In the study of moral philosophy, there have been many ethical theories developed. The theories have been devised with the end goal of establishing a system that can properly advise us on which actions are right and which are wrong. The totality of ethical systems comes with a diversity of definitions, logic, and intuitions. Among all these systems, no matter how fundamentally different or slightly augmented from one another, they all seem to fail under specific cases and scrutiny. One edge case or one extension of what the system entails seems to be enough to thrust the entire theory into jeopardy. This exposed problem from the ethical theory is not one that can simply be appended or discarded upon its flaws. These flaws often do not reveal a bad logic in the system or even flawed definitions. Rather the systems seem to fail because of these consistencies, not being able to bend the rules to fit an edge case. If the systems are not flawed in their creation, how can there still be problems with them? How are we able to find examples where the theory is wrong? The errors are not in the theories themselves but rather in our interpretation of them as humans. Are we trying to create a system that excels at resembling our human intuitions about right and wrong or are trying to extend our ethical calculations past our fallible intuitions?
To see this more clearly, I want to show the popular counterexamples against two ethical theories, Utilitarianism and Deontology. First, with Utilitarianism it will benefit us to briefly define the system. Utilitarianism is a form of consequentialism where we as actors ought to make the decisions that carry consequences that are consistent with the maximum good for all sentient beings. The word “good” here is defined differently depending on which specific utilitarianism you subscribe to, but for our example, it does not matter. This system therein is very strong in its logic and gives us a concrete way to act. If happiness is good, then we ought to maximize this good with every one of our actions. If we accept the definitions it is hard to challenge the conclusions with the simplicity of this system. However, there exists a popular counterexample that seems to cast our hope for the system into disarray. Imagine a mean old man, who has no living relatives, and a minimal if not negative impact on society. Then five people need an organ transplant. If the old man’s organs were harvested, then the five people would be saved at the cost of his life. Should we kill the old man? If you are following utilitarianism it is simple to see that the death of the old man will result in an immense amount of happiness for the five people if not in the immediate result, then for the rest of their lives. This result however strikes a sour feeling within most of us. How can an ethical theory prescribe us such an immoral act as murdering the innocent? Surely there must be something wrong. However, this problem does not expose some fault of logic but rather reveals a consequence which our moral intuitions do not agree. If we really did believe in our definitions, then on what grounds do we have for dismissing Utilitarianism? We would only be able to disagree with it by claiming that it feels wrong in this case.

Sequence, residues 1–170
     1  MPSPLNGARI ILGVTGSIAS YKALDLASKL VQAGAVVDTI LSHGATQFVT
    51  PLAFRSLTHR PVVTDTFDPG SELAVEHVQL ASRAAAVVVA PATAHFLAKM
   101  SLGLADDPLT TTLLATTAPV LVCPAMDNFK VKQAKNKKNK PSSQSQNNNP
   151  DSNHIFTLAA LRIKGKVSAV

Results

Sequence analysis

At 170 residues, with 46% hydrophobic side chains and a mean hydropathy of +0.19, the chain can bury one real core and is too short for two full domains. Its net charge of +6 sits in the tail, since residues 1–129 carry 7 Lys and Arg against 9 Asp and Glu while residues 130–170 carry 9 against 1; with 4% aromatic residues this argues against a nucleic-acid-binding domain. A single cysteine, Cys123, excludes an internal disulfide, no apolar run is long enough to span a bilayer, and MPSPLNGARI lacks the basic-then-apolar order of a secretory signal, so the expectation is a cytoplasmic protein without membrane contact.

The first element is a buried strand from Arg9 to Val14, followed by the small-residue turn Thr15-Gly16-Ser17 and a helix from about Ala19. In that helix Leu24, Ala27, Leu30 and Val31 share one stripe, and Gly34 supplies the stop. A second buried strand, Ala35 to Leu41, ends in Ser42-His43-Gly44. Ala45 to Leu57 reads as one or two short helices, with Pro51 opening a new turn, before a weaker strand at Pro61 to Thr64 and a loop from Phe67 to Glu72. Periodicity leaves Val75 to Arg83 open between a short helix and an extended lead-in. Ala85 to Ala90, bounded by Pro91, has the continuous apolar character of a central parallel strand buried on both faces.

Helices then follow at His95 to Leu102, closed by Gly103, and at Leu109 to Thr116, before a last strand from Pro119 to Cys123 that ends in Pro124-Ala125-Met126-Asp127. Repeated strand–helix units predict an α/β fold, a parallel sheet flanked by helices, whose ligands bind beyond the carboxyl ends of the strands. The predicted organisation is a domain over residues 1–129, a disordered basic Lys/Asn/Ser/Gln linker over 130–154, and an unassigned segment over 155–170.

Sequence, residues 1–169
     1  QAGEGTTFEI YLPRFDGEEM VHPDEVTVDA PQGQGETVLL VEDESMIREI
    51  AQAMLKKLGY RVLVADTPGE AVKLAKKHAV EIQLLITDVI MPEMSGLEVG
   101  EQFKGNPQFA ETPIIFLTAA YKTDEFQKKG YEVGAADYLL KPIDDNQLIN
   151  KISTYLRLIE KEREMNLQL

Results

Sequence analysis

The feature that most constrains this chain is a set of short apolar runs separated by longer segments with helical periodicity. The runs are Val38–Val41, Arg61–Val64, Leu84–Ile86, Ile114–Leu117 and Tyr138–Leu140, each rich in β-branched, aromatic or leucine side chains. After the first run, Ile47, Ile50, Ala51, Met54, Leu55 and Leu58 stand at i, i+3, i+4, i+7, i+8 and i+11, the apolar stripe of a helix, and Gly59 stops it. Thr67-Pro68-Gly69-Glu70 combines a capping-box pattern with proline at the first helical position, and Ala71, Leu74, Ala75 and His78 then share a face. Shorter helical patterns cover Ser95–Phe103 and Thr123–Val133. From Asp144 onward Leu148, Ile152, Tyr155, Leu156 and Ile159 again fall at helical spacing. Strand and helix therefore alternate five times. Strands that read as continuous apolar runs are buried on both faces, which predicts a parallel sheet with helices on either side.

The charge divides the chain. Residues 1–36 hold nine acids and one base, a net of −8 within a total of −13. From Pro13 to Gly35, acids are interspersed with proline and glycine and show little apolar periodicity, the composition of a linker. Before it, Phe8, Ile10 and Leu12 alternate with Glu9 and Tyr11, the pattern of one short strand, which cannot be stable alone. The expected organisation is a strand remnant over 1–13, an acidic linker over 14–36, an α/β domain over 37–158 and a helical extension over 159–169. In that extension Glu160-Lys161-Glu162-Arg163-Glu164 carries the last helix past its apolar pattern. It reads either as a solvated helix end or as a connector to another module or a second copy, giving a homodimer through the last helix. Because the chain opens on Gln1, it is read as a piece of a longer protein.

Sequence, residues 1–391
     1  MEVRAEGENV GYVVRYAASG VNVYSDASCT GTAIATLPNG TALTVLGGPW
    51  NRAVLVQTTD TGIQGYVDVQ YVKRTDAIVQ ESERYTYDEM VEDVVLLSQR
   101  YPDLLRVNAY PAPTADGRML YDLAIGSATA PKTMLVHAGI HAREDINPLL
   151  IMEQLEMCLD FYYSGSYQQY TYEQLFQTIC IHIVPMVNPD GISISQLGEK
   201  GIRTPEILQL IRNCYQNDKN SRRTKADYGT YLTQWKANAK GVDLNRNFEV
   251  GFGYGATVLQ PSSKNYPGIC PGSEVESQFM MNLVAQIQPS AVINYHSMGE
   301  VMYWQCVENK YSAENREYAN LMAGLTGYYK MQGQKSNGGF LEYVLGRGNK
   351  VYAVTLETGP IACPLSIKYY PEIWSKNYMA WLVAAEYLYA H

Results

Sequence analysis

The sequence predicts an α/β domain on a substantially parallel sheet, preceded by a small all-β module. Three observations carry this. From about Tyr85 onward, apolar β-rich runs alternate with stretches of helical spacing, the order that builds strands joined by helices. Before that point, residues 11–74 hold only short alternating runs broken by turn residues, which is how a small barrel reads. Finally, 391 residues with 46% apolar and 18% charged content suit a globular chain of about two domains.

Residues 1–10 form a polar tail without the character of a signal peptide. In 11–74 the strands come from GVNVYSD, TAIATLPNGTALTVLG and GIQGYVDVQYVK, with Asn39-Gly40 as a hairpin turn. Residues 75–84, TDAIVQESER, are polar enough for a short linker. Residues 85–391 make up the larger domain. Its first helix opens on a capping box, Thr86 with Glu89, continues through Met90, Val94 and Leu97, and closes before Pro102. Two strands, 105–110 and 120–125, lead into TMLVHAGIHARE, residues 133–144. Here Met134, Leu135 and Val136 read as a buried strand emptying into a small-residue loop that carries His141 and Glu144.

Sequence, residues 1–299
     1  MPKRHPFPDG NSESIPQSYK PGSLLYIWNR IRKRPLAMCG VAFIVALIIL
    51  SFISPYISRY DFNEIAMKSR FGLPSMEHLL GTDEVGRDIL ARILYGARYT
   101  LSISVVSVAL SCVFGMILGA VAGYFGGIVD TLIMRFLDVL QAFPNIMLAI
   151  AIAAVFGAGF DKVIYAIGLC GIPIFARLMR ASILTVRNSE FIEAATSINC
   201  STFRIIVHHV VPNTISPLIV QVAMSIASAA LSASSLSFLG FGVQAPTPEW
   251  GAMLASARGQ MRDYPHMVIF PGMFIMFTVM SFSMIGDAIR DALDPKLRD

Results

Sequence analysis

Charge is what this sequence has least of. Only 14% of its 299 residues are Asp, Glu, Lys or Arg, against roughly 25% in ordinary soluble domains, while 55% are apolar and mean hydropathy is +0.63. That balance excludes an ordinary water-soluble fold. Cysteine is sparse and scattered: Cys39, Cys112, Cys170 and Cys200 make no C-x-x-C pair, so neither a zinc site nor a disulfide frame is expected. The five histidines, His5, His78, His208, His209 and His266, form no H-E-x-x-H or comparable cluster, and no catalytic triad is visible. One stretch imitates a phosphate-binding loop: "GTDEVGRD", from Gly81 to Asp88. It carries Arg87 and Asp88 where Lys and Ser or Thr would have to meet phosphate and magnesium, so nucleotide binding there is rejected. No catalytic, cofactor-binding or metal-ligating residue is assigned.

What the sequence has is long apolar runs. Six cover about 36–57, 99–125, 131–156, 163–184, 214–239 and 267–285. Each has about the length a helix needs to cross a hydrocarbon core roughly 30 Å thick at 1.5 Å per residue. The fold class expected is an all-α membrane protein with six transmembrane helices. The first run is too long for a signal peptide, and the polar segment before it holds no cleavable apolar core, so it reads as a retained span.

We can see in Deontology similar edge cases and consequences can arise which we do not intuitively agree with. For example, in Kant’s writing “On the Supposed Right to Lie From Benevolent Motives” he discusses the counter-example of not lying to the murder at your door. The example follows the form that we ought to honor our duty, to tell the truth even if it seems to be in the accomplice to a crime such as murder. We can see that once again our problem does not exist within the logic of the system, but rather it comes from the logic of the system creating a consequence in which our intuition and feelings do not agree. Does it seem right to dismiss all of Kant’s pure reason with the categorical imperative, no matter how sound it may seem, because we are brought to one conclusion, we find unsettling?
Seeing that we feel compelled to discard two heavily supported and reasoned systems it seems imperative to consider if we should continue to value our moral intuitions this strongly. As shown in the past two examples, we feel that the theories are wrong because of their divergence from our moral intuitions in certain instances. But we should remember that in reading the theories we agreed with all the premises and definitions. This boils down to the question of what should our goals be with ethical systems? Should it be to create a grounded and logical representation to assign moral judgments or should we find a system that consistently aligns our intuitions? It seems that if we are willing to give argumentative weight to the counterexamples above, we must be practicing the latter. This is because we are questioning a theory that logically holds because of a disagreement from a moral intuition. However, if we are to cherish our moral intuition above all else as the gold standard of moral judgment, then why should we even devise a moral system? We would know what the right and wrong thing to do is all the time without much philosophizing if we just depended upon what felt right to us.